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It’s boom time at baby bottle making factory

The famous baby bottles made at the Philips Avent factory in Glemsford. ANL-150622-153412001
The famous baby bottles made at the Philips Avent factory in Glemsford. ANL-150622-153412001

At a time when many people are concerned about where future employment will come from in the Sudbury area, with shops closing and leading manufacturers such as Delphi Diesel Systems cutting jobs, the picture at Glemsford-based Philips Avent is looking decidedly rosy.

Many people will have driven past the factory on their way to and from Cavendish, Clare or Haverhill and probably realise that it produces the dummies and baby-bottles that are known to parents world-wide.

However, a large proportion will not know just how big the site really is - the size of eight football pitches - how important the factory and its staff is to the global corporation of Philips, or simply how many people are employed from the local area in a wide variety of roles.

In fact, the company is doing so well that it is opening a whole host of new jobs up ready for a major expansion, for the first time producing medical products at the site.

Philips’ mother and child business has an annual turnover of some 400million euros, with the site producing 30 per cent of Philips health care products - the most profitable part of the whole Philips brand.

So why is the factory and its products doing so well when other manufacturing companies are hitting the headlines for the wrong reasons?

Well they are performing highly technical tasks, something Delphi bosses agreed the UK market can flourish in, added to this the market for quality goods is unsurprisingly strong in the mother and baby section.

There has also been a dramatic improvement in efficiency at the factory, with much emphasis placed on reducing wastage of any kind whether this be in products or time.

Mat Norris, director of engineering and manufacturing at the site, said one of the major factors behind the site’s success was the staff, who he said were driven by the product they are making.

“You can’t help but care about a product for a baby,” he said.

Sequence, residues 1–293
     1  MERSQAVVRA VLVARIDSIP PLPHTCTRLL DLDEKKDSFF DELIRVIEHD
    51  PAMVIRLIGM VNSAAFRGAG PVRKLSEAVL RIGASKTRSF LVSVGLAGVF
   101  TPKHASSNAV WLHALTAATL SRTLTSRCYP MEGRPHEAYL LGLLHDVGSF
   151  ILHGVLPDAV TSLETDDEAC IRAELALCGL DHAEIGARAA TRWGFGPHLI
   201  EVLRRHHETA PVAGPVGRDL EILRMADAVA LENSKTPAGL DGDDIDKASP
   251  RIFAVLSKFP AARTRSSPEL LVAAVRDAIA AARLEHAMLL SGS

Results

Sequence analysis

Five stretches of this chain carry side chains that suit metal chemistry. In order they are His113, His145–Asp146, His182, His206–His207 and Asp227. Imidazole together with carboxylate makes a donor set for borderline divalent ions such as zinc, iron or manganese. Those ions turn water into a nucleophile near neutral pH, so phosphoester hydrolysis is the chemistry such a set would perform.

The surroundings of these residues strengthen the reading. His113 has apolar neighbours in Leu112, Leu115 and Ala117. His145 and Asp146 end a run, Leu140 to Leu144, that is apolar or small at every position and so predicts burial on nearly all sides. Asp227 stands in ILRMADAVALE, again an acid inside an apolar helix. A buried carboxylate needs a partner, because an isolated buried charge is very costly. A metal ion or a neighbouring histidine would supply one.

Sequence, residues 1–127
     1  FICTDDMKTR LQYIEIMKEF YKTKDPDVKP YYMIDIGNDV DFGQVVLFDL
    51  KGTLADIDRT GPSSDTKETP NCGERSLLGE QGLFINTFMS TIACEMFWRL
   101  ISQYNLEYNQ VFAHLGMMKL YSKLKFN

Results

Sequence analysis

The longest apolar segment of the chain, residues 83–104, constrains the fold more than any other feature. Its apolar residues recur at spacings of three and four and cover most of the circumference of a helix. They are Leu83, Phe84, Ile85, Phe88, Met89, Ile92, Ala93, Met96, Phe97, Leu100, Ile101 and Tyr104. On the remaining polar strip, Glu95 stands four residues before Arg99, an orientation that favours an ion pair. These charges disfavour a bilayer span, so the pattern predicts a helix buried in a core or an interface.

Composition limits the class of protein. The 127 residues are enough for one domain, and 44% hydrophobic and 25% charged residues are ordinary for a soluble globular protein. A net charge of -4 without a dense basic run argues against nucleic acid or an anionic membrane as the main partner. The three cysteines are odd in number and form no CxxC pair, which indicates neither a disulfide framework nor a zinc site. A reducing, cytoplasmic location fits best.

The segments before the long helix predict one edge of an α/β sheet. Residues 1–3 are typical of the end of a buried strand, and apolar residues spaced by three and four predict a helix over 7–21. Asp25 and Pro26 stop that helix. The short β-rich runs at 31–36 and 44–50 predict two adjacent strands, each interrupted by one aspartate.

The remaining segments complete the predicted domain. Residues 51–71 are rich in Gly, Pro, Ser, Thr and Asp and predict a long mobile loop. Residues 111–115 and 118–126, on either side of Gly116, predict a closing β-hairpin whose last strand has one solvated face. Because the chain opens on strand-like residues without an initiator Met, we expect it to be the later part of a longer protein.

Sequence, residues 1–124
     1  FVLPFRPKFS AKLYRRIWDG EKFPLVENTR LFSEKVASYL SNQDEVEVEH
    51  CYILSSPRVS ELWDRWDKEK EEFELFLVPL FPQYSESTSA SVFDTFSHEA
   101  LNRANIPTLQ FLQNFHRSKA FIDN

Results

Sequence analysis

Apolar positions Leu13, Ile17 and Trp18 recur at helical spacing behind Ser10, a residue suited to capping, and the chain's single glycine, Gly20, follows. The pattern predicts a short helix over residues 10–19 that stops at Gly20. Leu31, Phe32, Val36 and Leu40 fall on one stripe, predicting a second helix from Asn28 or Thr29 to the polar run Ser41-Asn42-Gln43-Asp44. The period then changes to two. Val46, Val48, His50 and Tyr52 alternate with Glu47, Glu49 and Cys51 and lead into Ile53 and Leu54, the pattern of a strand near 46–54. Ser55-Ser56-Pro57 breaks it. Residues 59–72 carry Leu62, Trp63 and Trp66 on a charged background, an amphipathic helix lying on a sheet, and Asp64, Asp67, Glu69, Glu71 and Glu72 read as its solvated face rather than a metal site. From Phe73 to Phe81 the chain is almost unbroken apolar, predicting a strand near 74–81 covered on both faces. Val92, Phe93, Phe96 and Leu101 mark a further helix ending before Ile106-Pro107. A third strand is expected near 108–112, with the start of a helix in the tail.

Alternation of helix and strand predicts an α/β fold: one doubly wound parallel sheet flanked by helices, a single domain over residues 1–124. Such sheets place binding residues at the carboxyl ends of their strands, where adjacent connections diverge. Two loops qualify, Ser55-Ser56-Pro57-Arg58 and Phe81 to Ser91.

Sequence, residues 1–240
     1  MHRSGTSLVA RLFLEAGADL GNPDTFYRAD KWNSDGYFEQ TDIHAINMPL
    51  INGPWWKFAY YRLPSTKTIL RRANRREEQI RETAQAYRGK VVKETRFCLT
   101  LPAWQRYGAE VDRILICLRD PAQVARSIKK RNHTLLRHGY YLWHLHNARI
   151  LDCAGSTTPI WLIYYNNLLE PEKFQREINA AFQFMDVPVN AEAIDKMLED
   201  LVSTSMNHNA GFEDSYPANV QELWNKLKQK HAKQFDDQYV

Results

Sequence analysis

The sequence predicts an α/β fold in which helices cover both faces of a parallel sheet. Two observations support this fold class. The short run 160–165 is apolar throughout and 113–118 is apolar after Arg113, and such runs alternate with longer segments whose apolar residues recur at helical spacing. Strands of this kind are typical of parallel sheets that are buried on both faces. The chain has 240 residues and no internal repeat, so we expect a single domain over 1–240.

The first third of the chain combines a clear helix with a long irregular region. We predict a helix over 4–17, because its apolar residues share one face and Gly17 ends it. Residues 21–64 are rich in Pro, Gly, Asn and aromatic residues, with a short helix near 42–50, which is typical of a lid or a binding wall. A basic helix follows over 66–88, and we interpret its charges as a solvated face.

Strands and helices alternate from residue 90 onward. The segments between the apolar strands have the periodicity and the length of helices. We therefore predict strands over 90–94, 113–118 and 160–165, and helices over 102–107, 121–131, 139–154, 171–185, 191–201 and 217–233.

He described positively the family atmosphere at the plant, explaining a lot of staff know each other from their school days.

However he feels there is still a reluctance for local people to apply to work at the company, predominantly for two reasons.

“People say they don’t want to work in a factory,” he said. “We are growing, there are lots of products and a lot of roles. Our challenge is to get good people in. I’m sure they are in this area but I’m not sure people think about applying to work here.”

The director is a good example of the lack of understanding of what goes on behind the factory doors.

Originally working for Ford, he worked in Clacton and in Germany, despite living down the road in Cavendish.

He decided to ask some questions, putting in his CV and getting a job, now in charge of hundreds of workers and able to walk to work rather than catching a plane.

“They see it from the road but they don’t know what’s going on in there,” he said

“People also believe it’s just for machine operators. Of course there are machine operators but there are a number of positions. People can build a career here.”

From engineers, operations workers and quality control to human resources, finance and health and safety, there is a plethora of possibilities, particularly in the manufacturing side which accounts for 400 of the 650 or so staff.

Here especially there is a focus on finding and nurturing local talent.

“At the risk of generalising, people tend to stay here if they are local,” said Mr Norris.

“It’s quite difficult to get people here, especially with experience. We spend a lot on growing our workforce.”

To give all staff an opportunity to find their career at the site each worker is given their own development plan.

As was made very clear, if the ambition is there the company will make a conscious effort to invest in staff and their future.

There are career paths for all staff, even different levels of machine operators.

A perfect example of this is maintenance apprentice engineer James Ives, 23.

Having spent the last four years gaining experience in a number of positions at the site while completing qualifications at college, he will soon move into a permanent role.

However, he will also continue his studies, with the firm agreeing to fund his higher national certificate (HNC) in electrical engineering.

He said: “I want to get the HNC done and then gain some experience and see where I can go in the company.”

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